### Video Transcript

There are three red marbles and π
blue marbles in a bag. Two marbles are picked at
random. The probability to pick two red
marbles or two blue marbles is three-sevenths. Show that two π squared minus 11π
plus 12 is equal to zero.

This is a tree diagram question
with a twist. Usually weβre given the total
number of marbles or the probabilities that occur along each branch. However, in this case, weβre given
that the number of blue marbles is π. Letβs sketch the tree diagram out
and see what it looks like.

The two options when a marble is
chosen are red and blue. We can write R and B to show
this. The total number of marbles can be
found by adding the number of red marbles and the number of blue marbles. In this case, that gives us an
algebraic expression of three plus π.

There are three red marbles. So the probability of choosing a
red marble is three out of three plus π. Similarly, weβre given that there
are π blue marbles. So the probability of choosing a
blue marble the first time is π out of three plus π.

For the second marble, the choices
remain the same but the probabilities change. We know this because weβre not told
that the marbles are replaced, but that two are chosen at random. Letβs start then by looking at the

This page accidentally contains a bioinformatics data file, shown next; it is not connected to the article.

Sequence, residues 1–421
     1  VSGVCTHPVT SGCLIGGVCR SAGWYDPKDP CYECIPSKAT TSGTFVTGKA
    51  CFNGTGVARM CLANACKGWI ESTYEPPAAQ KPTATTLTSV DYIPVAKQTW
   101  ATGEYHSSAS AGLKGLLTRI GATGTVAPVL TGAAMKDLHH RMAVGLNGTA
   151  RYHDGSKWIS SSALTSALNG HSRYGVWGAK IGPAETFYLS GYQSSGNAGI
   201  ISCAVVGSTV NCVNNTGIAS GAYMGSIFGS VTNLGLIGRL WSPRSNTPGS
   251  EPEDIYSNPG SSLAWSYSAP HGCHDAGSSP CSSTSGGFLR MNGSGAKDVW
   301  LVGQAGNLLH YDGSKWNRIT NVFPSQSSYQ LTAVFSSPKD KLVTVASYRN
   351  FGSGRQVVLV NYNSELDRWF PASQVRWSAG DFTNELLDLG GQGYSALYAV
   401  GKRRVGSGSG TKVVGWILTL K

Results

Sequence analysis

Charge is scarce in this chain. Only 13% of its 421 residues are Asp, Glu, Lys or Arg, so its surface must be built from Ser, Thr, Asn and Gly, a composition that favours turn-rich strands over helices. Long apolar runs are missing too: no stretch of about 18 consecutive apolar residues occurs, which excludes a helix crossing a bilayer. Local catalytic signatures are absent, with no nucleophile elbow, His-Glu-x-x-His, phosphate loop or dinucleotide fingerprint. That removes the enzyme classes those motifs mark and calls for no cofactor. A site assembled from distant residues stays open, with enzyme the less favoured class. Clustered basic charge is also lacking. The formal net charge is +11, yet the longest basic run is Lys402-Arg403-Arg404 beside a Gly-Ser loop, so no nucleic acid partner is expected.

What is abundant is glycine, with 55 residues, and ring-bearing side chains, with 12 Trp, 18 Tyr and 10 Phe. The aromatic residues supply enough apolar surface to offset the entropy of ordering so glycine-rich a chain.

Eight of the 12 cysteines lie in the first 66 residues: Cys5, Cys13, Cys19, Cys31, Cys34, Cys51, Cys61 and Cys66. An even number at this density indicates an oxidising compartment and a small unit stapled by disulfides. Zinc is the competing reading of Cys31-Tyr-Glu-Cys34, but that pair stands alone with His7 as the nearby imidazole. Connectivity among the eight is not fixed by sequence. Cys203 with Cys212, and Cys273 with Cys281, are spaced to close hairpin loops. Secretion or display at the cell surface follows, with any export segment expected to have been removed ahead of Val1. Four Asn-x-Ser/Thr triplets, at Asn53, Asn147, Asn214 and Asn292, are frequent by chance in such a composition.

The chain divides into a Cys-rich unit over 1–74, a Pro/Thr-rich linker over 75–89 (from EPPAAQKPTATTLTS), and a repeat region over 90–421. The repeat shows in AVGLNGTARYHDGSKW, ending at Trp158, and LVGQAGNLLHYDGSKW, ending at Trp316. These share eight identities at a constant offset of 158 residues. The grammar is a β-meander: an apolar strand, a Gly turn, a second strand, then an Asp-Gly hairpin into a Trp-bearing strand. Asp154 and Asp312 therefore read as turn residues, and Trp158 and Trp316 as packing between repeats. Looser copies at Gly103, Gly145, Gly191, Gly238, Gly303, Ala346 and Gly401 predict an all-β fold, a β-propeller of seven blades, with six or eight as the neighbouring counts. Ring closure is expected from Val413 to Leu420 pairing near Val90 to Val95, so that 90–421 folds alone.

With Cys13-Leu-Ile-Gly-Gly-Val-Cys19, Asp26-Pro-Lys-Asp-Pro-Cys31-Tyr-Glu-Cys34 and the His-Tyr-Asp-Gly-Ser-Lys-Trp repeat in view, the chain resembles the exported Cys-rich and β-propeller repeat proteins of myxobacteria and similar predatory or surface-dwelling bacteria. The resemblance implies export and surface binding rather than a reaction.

options after having chosen a red marble. Since weβve chosen one red marble
already, there must be two red marbles left in the bag. The total number of marbles has
also decreased by one. Three plus π minus one is equal to
two plus π. This means then that the
probability of choosing a second red marble is two out of two plus π.

Now, since weβve already chosen a
red marble, the number of blue marbles remains the same β thatβs π. But this time thereβs still one
less marble in the bag. So the total is two plus π. The probability of choosing a blue
marble here is π out of two plus π.

Now, letβs consider the options
after having chosen a blue marble. Since weβve chosen a blue marble,
that means the number of red marbles remains unchanged: itβs three out of two plus
π since once again the number of marbles is one less than at the start. The number of blue marbles now is
π minus one since we chose one blue marble the first time. This means that the probability of
choosing a second blue marble is given by π minus one over two plus π.

Now, we have a full tree diagram,
we can refer back to the question and see which outcomes weβre interested in. We want the probability of choosing
two red marbles or two blue marbles. Remember when we want to find the
probability of two events occurring, we multiply their probabilities together. That means the probability of
choosing a red and then another red is three over three plus π multiplied by two
over two plus π.

We can multiply the numerator of
the first fraction by the numerator of the second and the denominator of the first
fraction by the denominator of the second. That gives us six over three plus
π multiplied by two plus π. The probability of choosing a blue
marble and then a second blue marble is given by π over three plus π multiplied by
π minus one over two plus π.

Once again, we multiply the
numerator of the first fraction by the numerator of the second and the denominator
of the first fraction by the denominator of the second. The next rule weβre interested in